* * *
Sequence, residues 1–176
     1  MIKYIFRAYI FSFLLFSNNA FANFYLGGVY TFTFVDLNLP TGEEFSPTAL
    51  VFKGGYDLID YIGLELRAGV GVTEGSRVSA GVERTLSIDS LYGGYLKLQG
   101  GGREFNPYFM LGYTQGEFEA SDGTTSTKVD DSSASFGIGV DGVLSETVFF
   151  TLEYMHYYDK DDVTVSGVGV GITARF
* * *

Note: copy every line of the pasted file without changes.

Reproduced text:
Sequence, residues 1–176
     1  MIKYIFRAYI FSFLLFSNNA FANFYLGGVY TFTFVDLNLP TGEEFSPTAL
    51  VFKGGYDLID YIGLELRAGV GVTEGSRVSA GVERTLSIDS LYGGYLKLQG
   101  GGREFNPYFM LGYTQGEFEA SDGTTSTKVD DSSASFGIGV DGVLSETVFF
   151  TLEYMHYYDK DDVTVSGVGV GITARF